Ethernet Encapsulation for Layer 2 VPN (EX8200 and EX4500 Switches Only)

    If you are implementing a Layer 2 VPN, you must also configure the physical layer encapsulation type on the customer edge interface and within the routing instance.

    LDP for Layer 2 Circuits (EX8200 and EX4500 Switches Only)

    If you are implementing a Layer 2 circuit configuration, you must configure LDP as the signaling protocol on the PE switches.

    Provider Switch

    You must configure one or more provider switches as transit switches within the network to support the forwarding of MPLS packets. You can add provider switches without changing the configuration of the PE switches.

    A provider switch does not analyze the packets. It refers to an MPLS label forwarding table and swaps one label for another. The new label determines the next hop along the MPLS tunnel. A provider switch cannot perform push or pop operations.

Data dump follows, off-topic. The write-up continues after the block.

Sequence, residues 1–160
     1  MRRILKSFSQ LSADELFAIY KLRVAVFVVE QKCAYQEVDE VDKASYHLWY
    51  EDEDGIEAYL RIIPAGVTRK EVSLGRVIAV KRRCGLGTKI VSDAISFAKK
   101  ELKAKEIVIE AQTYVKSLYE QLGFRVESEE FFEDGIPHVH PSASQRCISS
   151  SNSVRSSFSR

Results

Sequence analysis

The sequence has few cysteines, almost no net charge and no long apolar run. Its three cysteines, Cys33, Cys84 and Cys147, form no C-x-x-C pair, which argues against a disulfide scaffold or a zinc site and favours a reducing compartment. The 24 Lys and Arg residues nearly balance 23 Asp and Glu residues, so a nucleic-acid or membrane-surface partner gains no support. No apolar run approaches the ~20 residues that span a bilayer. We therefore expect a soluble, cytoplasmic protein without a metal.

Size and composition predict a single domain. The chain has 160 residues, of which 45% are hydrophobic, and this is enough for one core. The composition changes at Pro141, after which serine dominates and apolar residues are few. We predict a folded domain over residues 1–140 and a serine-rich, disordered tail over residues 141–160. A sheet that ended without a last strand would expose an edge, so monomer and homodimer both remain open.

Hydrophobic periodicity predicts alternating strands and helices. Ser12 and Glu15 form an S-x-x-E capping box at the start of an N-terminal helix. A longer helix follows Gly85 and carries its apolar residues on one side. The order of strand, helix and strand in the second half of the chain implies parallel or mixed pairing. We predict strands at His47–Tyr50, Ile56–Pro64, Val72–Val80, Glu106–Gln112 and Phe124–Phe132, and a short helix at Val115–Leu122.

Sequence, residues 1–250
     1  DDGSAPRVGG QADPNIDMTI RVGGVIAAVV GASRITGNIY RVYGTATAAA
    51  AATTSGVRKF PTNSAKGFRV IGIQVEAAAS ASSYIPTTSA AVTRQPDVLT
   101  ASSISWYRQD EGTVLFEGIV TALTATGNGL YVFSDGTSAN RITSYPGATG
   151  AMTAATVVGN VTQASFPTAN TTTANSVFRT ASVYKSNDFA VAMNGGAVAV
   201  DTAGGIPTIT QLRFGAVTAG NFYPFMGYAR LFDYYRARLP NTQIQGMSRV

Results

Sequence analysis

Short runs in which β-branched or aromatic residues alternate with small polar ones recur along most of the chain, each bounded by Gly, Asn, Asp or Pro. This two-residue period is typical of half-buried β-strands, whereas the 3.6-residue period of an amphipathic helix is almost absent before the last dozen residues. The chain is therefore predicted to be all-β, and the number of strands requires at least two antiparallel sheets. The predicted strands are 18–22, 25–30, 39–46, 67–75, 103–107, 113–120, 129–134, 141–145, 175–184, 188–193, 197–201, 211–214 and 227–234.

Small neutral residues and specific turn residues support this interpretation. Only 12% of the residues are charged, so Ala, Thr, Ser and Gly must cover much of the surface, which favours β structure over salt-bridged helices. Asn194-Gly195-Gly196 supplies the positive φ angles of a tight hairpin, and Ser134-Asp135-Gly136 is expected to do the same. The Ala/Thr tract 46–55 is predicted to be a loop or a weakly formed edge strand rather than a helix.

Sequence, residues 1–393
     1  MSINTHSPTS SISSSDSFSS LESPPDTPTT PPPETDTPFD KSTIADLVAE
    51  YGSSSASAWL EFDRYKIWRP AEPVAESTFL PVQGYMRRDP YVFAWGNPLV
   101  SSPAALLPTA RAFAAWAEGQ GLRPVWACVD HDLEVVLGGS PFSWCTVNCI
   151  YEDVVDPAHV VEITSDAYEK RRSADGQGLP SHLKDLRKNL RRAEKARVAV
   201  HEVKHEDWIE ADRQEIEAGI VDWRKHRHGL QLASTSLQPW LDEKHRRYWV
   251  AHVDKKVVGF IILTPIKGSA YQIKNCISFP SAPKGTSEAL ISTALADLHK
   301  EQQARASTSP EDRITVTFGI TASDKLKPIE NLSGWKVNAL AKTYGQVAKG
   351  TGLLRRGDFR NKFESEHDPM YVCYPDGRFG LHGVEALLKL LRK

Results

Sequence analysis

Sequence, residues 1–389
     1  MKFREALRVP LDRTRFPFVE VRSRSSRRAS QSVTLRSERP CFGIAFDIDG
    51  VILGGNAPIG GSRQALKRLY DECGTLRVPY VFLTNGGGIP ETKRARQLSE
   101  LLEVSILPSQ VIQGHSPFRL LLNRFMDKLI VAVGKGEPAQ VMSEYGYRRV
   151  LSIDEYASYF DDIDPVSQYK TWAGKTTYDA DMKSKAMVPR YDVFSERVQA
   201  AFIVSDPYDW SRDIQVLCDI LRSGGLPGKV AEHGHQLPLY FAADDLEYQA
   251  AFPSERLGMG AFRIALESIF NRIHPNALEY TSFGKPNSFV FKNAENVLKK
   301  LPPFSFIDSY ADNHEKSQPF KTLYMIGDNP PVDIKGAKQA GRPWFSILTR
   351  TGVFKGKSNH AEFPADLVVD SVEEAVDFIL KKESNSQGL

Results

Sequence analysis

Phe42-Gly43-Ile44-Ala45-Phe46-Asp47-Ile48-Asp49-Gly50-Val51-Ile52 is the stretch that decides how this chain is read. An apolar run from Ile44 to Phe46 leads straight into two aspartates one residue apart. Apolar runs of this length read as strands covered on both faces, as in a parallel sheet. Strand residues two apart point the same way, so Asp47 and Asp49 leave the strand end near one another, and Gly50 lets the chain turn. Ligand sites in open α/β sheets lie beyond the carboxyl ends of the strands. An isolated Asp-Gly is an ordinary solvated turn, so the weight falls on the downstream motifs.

Components Required for All Switches in the MPLS Network

    The following MPLS components are configured on both the PE switches and the provider switches:

    Routing Protocol

    MPLS works in coordination with the interior gateway protocol (IGP). Therefore, you must configure OSPF or IS-IS as the routing protocol on the loopback interface and core interfaces of both the PE switches and the provider switches.

    The core interfaces can be either Gigabit Ethernet or 10-Gigabit Ethernet interfaces, and they can be configured as either individual interfaces or as aggregated Ethernet interfaces.

    Note: The core interfaces cannot be configured with VLAN tagging or a VLAN ID. When you configure them to belong to family mpls, they are removed from the default VLAN if they were members of that VLAN. They operate as an exclusive tunnel for MPLS traffic.

    Traffic Engineering

    Traffic engineering maps traffic flows onto an existing physical topology and provides the ability to move traffic flow away from the shortest path selected by the IGP and to a potentially less congested physical path across a network.

    Traffic engineering enables the selection of specific end-to-end paths to send given types of traffic through your network. The configuration of traffic engineering depends upon which routing protocol is being used:

    • With OSPF—Traffic engineering needs to be enabled.
    • With IS-IS—Traffic engineering is enabled by default.

    MPLS Protocol